government wouldn't give her an "exit permit" under the old rules.

As of Jan.14, Cubans no longer need government-issued permits to come
and go, only a valid passport and a visa from their destination country.

Restrictions still remain on some government and military officials, as
well as star athletes and top scientists. But Cuban authorities have
told many of the island's most prominent opposition figures they can now
travel. They include Berta Soler, leader of the "Ladies in White" group
that holds weekly marches through Havana, and Guillermo Farinas, winner
of the European Union's 2010 Sakharov Prize for Freedom of Thought.

At home in Cuba, those figures face frequent harassment and constant
surveillance by authorities, but once abroad, they will be able to raise
funds and network with other activists beyond reach of Cuban state
security agents.

Yet even as some Castro opponents launch their trips abroad, others have
been told they're not going anywhere. Cuba's new travel laws include
exceedingly broad, vague language that allows the government to deny a
passport to someone "for reasons of public interest," and several
dissidents say they've been turned down.

Some are unable to leave because they remain on probation, having been
freed from prison in the past few years through the intervention of the
Catholic Church. The new travel policy bars Cubans who have pending
criminal charges or who are on parole from receiving passports.

That has left dissident economist and former political prisoner Oscar
Espinosa Chepe, 72, in a bind. He's been hospitalized several times in
the past year as a result of failing health, and he's now wondering if
the government will let him go abroad to seek additional treatment. His
parole isn't up until 2023, he said, and he and his wife, fellow
activist Miriam Leiva, have yet to apply for new passports.

Still, Espinosa Chepe said he didn't think the government would be hurt
by additional public criticism from other dissidents traveling abroad.
"The government has made an intelligent move. It's trying to convey a
message of openness," he said. "It remains an authoritarian system, but
I think it's making positive steps with an eye on improving relations
with the US."

Asked whether his inability to leave Cuba has blunted his message over
the years, Espinosa Chepe said he didn't think so, noting that he
frequently conducts interviews by phone, and has even participated in
international academic conferences remotely. "I've said everything I've
wanted to say," he added. Continue reading

Cuba: Outrage, disbelief over latest dissident arrests

Cuba: Outrage, disbelief over latest dissident arrests Detained blogger Yoani Sanchez's husband fumes to GlobalPost: Cuban government has 'no logic whatsoever ... I want to understand what they're thinking.' Girish GuptaNovember 9, 2... Continue reading

Late Cuban dissident’s family blames government for death

Late Cuban dissident's family blames government for death AFP October 7, 2012, 11:50 am BAYAMO, Cuba (AFP) - The Cuban government is to blame for the death of human rights activist Oswaldo Paya, family members said Saturday as they called for th... Continue reading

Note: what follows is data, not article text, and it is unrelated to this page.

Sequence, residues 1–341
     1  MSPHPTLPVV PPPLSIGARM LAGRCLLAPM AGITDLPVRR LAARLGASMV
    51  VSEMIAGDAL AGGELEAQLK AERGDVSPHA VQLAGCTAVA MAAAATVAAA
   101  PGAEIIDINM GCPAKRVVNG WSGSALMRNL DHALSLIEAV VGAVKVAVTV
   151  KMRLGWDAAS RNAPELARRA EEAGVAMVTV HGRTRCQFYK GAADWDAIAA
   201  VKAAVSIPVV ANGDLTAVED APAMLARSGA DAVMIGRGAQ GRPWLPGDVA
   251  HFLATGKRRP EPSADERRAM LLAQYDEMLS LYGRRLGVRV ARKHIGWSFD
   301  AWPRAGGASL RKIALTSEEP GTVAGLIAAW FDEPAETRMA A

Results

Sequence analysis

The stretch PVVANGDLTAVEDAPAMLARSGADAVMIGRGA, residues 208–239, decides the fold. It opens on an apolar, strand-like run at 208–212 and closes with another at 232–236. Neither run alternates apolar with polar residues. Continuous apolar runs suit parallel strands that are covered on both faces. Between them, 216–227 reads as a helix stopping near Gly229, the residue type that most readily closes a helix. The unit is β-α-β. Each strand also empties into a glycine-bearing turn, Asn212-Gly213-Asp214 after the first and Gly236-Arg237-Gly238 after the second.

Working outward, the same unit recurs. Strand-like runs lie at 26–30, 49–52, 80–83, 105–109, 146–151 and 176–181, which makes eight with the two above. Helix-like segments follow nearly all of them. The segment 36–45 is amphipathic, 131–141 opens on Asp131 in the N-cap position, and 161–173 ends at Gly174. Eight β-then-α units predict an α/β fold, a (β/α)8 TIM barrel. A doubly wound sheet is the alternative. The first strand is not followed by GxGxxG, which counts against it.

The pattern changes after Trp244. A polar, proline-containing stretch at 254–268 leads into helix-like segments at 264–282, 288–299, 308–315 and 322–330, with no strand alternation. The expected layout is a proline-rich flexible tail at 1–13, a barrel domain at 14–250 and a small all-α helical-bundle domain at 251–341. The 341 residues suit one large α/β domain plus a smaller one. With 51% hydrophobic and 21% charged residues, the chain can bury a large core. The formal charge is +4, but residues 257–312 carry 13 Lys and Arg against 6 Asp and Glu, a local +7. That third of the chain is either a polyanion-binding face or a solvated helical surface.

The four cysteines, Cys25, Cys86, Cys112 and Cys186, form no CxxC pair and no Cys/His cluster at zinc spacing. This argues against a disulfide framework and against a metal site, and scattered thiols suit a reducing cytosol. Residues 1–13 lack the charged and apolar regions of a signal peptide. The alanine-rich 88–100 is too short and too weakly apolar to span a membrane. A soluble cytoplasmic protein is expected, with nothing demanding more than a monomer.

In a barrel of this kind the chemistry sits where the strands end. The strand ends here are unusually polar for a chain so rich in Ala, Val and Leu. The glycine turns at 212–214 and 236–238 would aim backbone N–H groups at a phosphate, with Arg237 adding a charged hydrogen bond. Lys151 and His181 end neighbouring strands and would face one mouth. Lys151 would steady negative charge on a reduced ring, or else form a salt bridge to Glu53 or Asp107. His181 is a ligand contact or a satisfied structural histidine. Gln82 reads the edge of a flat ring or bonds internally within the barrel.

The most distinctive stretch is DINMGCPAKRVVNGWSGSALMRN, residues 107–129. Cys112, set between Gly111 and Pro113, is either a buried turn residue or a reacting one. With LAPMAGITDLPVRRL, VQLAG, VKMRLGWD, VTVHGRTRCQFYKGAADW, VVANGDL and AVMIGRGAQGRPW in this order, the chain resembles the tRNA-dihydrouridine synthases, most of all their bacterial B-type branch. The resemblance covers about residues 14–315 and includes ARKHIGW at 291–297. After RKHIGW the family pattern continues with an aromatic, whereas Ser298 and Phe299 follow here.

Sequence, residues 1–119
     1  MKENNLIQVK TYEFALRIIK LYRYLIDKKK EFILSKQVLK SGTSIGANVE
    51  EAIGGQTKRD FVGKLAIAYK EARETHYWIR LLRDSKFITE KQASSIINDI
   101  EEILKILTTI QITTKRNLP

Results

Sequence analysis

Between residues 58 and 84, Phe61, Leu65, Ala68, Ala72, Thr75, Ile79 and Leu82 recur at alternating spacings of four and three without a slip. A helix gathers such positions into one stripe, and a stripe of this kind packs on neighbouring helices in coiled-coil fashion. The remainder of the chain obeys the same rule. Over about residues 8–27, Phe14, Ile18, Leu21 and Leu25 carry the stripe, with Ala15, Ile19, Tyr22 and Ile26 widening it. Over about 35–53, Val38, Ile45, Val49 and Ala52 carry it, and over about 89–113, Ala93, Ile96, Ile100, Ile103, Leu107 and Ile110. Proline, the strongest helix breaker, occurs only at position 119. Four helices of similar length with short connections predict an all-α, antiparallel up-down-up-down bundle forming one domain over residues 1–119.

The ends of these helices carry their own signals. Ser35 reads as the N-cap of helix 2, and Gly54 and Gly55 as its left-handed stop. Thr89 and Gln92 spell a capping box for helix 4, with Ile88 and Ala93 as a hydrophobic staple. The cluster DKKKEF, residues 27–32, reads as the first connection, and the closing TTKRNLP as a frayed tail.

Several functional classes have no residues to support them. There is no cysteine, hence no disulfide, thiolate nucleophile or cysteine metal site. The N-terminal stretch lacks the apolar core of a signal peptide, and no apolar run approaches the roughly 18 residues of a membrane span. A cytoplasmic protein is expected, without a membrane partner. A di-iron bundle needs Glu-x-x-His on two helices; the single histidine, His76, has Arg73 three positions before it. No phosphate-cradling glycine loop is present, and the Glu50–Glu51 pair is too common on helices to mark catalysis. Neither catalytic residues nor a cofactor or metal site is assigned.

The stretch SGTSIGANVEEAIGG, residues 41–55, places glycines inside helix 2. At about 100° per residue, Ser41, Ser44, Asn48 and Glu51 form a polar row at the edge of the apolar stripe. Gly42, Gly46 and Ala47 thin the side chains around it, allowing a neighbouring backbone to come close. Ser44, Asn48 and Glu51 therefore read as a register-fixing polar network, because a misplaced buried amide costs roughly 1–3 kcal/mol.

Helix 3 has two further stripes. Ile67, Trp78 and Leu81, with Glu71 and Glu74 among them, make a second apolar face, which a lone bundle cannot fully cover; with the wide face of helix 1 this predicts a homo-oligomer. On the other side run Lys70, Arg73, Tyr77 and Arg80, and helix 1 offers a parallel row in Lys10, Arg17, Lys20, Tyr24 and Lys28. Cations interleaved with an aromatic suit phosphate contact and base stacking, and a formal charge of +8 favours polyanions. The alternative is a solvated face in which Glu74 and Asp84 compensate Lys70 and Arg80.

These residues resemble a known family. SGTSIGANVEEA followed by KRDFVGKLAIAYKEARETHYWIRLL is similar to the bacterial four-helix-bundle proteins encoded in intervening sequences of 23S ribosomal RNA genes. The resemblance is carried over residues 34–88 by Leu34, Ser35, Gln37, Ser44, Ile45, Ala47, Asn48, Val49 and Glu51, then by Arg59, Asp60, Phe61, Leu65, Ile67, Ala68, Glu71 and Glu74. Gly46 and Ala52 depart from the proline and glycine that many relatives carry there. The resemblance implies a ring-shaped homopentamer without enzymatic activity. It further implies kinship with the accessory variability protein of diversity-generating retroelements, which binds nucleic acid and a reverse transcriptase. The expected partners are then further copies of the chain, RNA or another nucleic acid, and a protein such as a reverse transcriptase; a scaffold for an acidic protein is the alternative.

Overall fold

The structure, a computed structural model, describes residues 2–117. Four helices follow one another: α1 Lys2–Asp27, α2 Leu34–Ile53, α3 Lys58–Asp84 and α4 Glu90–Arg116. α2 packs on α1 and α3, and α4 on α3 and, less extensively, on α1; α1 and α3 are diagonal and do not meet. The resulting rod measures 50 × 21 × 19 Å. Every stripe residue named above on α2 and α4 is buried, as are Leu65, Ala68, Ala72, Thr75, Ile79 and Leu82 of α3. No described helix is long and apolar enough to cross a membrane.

Award-winning Cuban dissident detained

Award-winning Cuban dissident detained Agence France-Presse 10:12 am | Saturday, August 25th, 2012 HAVANA – Leading Cuban dissident Guillermo Farinas was arrested by police after an argument with agents guarding his home, his mother and activists ... Continue reading

Arrests show Cuba not yet ready for reform

Arrests show Cuba not yet ready for reform by Staff Writers Havana (UPI) Jul 25, 2012 Cuba's wide-scale crackdown on dissent that led to arrests at a funeral shows the Central American country isn't ready for credible political reform despite its amb... Continue reading

US, Amnesty critical of Cuban dissident detentions

Posted on Wednesday, 07.25.12 US, Amnesty critical of Cuban dissident detentions By PETER ORSI Associated Press HAVANA -- Cuba was criticized by the U.S. government and Amnesty International on Wednesday over the brief detention of dozens of dissiden... Continue reading

Cuba’s opposition tries to plot fresh course

Posted on Friday, 09.23.11

Cuba's opposition tries to plot fresh course
Associated Press

HAVANA — When dozens of Cuban intellectuals and commentators were
jailed in a notorious crackdown on dissent, their wives united in… Continue reading

Cuban dissidents push for opening to democracy

Cuban dissidents push for opening to democracy
By Carlos Batista (AFP) – 8 hours ago

HAVANA — Leading dissidents in Cuba have launched a reform plan seeking
a democratic opening in the Americas' only one-party Communist-run state.

More than 40… Continue reading

Jimmy Carter’s “Ignominious Report”

Jimmy Carter's "Ignominious Report"
By Alberto de la Cruz on 04/07/2011 – 8:59 am PDT

Pedazos de la Isla has the thoughts of former Cuban prisoner of
conscience Normando Hernandez regarding Jimmy Carter's trip to Cuba.
by Normando Hernandez, ex-prisoner… Continue reading

Czech MEP meets dissidents in Cuba

Czech MEP meets dissidents in Cuba?TK |28 February 2011Havana, Feb 27 (CTK) - The atmosphere in Cuba is like a pressure cooker that can explode at any time, Cuban dissident Guillermo Farinas told Czech MEP Edvard Kozusnik, who met him briefly after hi... Continue reading